Vaping crackdown looms as calls grow to ban ALL e-cigarettes after a surge in Aussies busted for selling illegal vapes
- Health officials are considering new anti-vape laws
- More than $738,000 of fines were collected last year
- Prosecuting nicotine vape suppliers is very expensive
- However, new plans hope to stop teenage smoking
Health officials are demanding a crackdown on vaping with stricter laws and stiffer penalties after a surge in illegal vape importers, vendors and advertisers
Australians busted for flogging the outlawed nicotine vapes have been fined more than $730,000 in the last 13 months, up $110,000 from the previous year.
New data from the Therapeutic Goods Administration shows the continuous sale of illegal e-cigarettes is taking a massive toll on health budgets.
But hunting down the black market trade is cripplingly expensive as the suspected illegal e-cigarettes have to undergo laboratory testing to find traces of nicotine
Health officials are looking to tighten regulations around nicotine e-cigarettes to stop teen smoking (stock image)
Vapes (example above) have long been criticised for using bright colours and fun flavours to attract underage children
Cancer Council Australia CEO Tanya Buchanan believes stricter regulations are worth the cost compared to the damage of hooking a new generation on nicotine, Herald Sun reports.
Vapes have long been criticised for using bright colours and fun flavours to attract underage children who subsequently become trapped in a nicotine addiction.
Now VicHealth CEO Dr Sandro Demaio says e-cigarettes need to be stripped from stores as soon as possible.
‘It’s time for governments to act, before an entirely new generation becomes addicted to nicotine,’ he said.
Australian Medical Association national president Prof Steve Robson added: ‘Everything we have got should be thrown at trying to stop vulnerable kids in our communities being hooked on vapes.’
Australia took action against the growing epidemic by outlawing nicotine vapes in October, 2021, but the products have remained readily available on the black market.
Federal Health Minister Mark Butler (above) said he and state health leaders will meet this month to discuss new nicotine vape regulations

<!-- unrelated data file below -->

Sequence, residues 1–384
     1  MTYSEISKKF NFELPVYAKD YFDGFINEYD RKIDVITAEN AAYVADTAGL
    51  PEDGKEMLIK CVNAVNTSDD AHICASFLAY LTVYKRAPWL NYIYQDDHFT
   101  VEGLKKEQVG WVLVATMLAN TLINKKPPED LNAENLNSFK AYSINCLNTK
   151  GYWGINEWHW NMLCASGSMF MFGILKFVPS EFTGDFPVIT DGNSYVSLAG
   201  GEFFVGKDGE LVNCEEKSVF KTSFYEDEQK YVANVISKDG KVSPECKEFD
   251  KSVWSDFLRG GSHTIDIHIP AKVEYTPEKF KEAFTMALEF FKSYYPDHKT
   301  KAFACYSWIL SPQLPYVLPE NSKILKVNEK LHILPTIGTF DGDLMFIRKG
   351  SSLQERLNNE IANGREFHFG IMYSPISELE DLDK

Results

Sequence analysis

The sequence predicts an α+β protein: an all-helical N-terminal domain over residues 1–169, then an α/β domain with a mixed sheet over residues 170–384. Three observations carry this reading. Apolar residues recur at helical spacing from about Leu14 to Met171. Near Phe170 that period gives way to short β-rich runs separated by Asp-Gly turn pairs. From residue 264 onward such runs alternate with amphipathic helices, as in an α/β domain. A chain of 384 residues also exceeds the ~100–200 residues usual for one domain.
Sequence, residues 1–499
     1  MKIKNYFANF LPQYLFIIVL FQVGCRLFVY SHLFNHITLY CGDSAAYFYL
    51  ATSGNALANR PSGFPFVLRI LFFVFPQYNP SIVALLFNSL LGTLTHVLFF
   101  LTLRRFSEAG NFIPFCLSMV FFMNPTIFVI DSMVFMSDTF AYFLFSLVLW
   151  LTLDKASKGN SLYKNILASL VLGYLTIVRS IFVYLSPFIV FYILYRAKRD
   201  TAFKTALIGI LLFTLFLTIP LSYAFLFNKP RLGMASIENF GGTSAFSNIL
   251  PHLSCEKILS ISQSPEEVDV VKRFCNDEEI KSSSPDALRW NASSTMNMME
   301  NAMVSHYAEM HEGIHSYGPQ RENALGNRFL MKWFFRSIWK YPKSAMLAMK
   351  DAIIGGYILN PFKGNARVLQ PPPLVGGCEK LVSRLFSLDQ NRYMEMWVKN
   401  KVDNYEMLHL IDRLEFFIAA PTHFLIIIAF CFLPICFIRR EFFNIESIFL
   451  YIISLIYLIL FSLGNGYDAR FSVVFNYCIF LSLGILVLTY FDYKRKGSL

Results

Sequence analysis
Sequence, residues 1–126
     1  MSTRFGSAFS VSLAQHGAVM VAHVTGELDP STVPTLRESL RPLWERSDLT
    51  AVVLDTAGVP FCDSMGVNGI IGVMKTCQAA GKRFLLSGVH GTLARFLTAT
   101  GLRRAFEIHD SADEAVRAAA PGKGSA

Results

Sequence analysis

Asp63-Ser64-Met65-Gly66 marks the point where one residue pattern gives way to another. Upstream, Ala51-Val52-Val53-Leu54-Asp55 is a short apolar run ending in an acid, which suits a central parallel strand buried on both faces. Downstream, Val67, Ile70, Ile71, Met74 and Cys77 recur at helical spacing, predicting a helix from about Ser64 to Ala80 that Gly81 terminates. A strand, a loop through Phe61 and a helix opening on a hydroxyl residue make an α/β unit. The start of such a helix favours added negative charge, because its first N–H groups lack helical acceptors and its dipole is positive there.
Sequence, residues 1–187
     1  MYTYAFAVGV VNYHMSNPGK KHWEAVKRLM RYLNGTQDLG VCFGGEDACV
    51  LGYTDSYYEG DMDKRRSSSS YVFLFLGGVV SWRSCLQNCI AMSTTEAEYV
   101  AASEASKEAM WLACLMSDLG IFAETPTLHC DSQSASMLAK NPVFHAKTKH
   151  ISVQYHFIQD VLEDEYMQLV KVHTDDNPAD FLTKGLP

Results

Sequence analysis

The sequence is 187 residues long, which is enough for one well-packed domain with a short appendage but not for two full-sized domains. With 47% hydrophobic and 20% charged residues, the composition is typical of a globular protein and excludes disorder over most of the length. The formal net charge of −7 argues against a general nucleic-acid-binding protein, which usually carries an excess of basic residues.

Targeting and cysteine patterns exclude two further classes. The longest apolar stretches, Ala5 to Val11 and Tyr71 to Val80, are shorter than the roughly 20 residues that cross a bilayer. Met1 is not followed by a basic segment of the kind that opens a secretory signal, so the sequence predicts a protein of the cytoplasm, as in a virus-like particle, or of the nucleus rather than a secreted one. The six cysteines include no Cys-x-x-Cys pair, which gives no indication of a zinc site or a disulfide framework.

Federal Health Minister Mark Butler said he and state health leaders will meet this month to discuss how to eradicate the devices.
‘We need to understand where the current regulatory framework falls short, and what action governments can take to move the dial,’ he said.
The group is expected to discuss new rules around product imports, labelling and flavour selection.
The new plan is set to again push designated budgets over the brink by at least $335,000 but hopes to ensure nicotine vapes truly become prescription-only.
A TGA spokesperson said ‘widespread non-compliance’ of illegal vapes means the costs related to litigation, policy making and administration have all significantly increased.
Almost 100 Aussies were fined a total of $730,000 in the last 13 months for illegal nicotine vape practice
However, the business of nicotine vapes is just as expensive for those busted for illegal practice.
The TGA handed down almost 100 vape-related fines in the last year with the total revenue collected almost reaching $738,000.
Most of the fines were given for alleged illegal advertising after stricter regulations were introduced in November.
Just 10 of the fines were for allegedly importing and supplying nicotine vapes.
More than half of the parties fined were from New South Wales with $426,000 collected from the state.
Six people and four businesses in Victoria lost $277,000 in fines for alleged vape offences.